Tuesday, September 11, 2007

Fair Tax or Flat Tax

The fair tax or flat tax proposals look good as stated, but when you look at the data, you may change your mind. The fair tax as proposed is a sales tax of 23% with a rebate to Americans based on the number of dependents. Both proposals are to be revenue neutral. Both proposals say large savings could be achieved by eliminating the IRS and companies saving on compliance costs. However, are these the same things as being revenue neutral to the individual taxpayer?

Current standard deduction for a family is $10,700; personal exemptions are worth $3,400.
A family of four under current law has $24,300 in income offsets. If you make less than this, your current tax bill is zero. Now add in two $1,000 child tax credits and your income offset is $42,850.

The first $15,650 of taxable income is taxed at just 10%. The next bracket is at $63,700 and is just 15%. Both are less than the 23% sales tax rate. The fact of the matter is a family making $100,000 under the current tax law would pay $7,790 in taxes. Under the fair tax law using a 23% sales tax, the taxes would be $23,000. They then would get some credit back. Would the credit be equal to $15,210?

How about a family making $40,000 a year? Their sales tax if they spent their $40,000 would be $9,200 while under current law their tax bill is zero. Would they get $9,200 back and when would it be sent? Is this mailed monthly or yearly? If yearly what do people on low incomes to do while they wait for a check worth 23% of their income?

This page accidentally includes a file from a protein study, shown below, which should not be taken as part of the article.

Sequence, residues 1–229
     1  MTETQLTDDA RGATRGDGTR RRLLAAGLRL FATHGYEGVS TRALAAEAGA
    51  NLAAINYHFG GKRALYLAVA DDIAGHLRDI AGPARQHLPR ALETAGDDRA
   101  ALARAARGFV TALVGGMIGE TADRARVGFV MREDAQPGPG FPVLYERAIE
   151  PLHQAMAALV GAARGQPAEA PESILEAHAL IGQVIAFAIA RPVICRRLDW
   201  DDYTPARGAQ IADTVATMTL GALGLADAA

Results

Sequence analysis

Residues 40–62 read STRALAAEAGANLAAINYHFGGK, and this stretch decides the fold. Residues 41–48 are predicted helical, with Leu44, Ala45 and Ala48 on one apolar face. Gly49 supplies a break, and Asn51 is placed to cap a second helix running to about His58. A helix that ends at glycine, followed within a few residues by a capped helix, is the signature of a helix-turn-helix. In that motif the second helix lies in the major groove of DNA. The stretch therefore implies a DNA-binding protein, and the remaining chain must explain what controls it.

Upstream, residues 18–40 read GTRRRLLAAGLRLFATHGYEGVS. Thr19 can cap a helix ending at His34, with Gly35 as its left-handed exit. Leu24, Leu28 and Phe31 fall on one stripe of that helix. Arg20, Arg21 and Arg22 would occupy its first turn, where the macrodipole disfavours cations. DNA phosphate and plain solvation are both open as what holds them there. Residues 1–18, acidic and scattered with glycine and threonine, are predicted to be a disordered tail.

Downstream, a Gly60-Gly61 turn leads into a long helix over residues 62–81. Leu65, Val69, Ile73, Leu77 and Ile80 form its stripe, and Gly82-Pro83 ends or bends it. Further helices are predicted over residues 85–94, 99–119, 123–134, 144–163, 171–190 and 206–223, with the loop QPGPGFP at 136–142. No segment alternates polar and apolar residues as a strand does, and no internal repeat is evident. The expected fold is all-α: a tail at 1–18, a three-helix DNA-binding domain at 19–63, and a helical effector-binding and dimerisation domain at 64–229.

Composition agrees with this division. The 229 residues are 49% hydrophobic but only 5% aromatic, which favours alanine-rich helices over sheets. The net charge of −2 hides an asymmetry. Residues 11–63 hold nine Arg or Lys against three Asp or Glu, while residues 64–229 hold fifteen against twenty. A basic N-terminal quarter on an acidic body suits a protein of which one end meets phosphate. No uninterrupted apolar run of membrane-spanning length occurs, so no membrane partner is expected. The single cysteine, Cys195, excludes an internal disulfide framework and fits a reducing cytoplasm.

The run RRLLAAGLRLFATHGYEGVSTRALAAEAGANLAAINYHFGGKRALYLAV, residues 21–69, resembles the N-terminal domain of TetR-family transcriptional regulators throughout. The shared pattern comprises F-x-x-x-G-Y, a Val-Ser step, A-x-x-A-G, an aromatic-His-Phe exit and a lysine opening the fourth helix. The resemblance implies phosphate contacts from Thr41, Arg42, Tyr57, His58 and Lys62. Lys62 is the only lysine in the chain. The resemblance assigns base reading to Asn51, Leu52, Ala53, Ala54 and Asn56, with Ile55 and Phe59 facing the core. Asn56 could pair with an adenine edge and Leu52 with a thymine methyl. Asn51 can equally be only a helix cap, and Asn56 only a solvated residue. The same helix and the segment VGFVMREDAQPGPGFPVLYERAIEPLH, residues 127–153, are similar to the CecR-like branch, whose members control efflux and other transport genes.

Here is the problem in a nutshell. According to the IRS total income before exemptions (Social Security, interest, capital gains, S-corporations, wages, pensions, farm income, etc) is less than $7 trillion. Current IRS federal income tax collected is over $1.2 Trillion. This is 17.1% of all income before exemptions are included.

Wage income in the US totals about $5.5 Trillion of which 85% is subjected to Social Security’s 10.6% OASI and DI’s 1.8% tax. Medicare applies a 2.9% tax on all wages. The flat tax does not cover Medicare or Social Security Taxes. These would be in addition to the 23% sales tax.

Another major problem is what to do with those who have saved diligently and now are in retirement. The money saved was taxed. The income earned on savings was taxed. Now when they go to spend that money they will be taxed again at 23%. Roth IRA’s are to be free of Federal Income Taxes. This was done to promote savings. Sounds like a bait and switch tactic.

The tax code is a mess. However, replacing the current tax on income to a tax on spending will be double taxation for many. The ability to pay may be dependent on not just income, but spending. I propose doing away with all special exemptions. How you spend, your money is up to you. If you want to buy a home, great, do not make others subsidize your loan. If you want to send your kids to college, great. What exemptions do is transfer you tax to someone else and theirs to you, which in the end does little for either of you in terms of taxes being paid. Indiana has a tax system that allows a certain standard deduction and one for exemptions. It applies a flat tax to the taxable portion. It is easy to understand. We could easily convert the federal income tax to this method and have just one page to fill out. Everyone would be able to figure their taxes with a lot less compliance costs.


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